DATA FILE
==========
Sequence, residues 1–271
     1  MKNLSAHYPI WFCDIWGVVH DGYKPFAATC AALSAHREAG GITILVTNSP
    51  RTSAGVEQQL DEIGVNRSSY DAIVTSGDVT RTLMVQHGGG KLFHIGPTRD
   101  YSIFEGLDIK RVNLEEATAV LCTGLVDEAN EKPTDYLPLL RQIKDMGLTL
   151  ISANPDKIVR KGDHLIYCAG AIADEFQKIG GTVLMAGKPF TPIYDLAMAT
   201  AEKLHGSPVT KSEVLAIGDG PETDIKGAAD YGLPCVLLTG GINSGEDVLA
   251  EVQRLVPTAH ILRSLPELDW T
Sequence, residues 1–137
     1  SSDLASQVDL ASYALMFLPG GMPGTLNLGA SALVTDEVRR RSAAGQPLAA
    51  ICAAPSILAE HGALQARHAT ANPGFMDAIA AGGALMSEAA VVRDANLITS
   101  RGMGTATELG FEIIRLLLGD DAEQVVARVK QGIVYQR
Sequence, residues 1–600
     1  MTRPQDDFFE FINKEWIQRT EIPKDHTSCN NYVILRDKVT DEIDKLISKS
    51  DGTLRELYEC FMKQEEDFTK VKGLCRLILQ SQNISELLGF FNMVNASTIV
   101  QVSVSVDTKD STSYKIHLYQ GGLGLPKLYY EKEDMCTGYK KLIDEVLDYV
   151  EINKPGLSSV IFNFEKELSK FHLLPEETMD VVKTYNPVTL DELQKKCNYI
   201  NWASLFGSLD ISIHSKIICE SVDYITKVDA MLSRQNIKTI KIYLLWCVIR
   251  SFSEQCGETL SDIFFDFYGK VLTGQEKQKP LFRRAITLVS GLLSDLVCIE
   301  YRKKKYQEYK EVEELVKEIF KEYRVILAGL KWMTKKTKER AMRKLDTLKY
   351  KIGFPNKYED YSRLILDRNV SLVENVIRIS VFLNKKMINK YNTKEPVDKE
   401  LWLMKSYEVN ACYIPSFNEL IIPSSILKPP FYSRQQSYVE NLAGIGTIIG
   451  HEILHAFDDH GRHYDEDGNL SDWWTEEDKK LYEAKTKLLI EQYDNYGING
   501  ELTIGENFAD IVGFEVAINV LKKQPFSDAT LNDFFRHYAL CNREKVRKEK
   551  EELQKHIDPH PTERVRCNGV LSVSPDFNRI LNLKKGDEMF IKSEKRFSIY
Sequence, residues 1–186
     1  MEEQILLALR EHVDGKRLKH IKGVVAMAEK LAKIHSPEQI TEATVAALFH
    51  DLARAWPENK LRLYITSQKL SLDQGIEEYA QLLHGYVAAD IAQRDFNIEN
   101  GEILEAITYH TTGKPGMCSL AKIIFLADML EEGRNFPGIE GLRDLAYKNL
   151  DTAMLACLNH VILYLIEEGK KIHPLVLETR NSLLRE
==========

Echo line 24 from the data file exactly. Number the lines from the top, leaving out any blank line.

   551  EELQKHIDPH PTERVRCNGV LSVSPDFNRI LNLKKGDEMF IKSEKRFSIY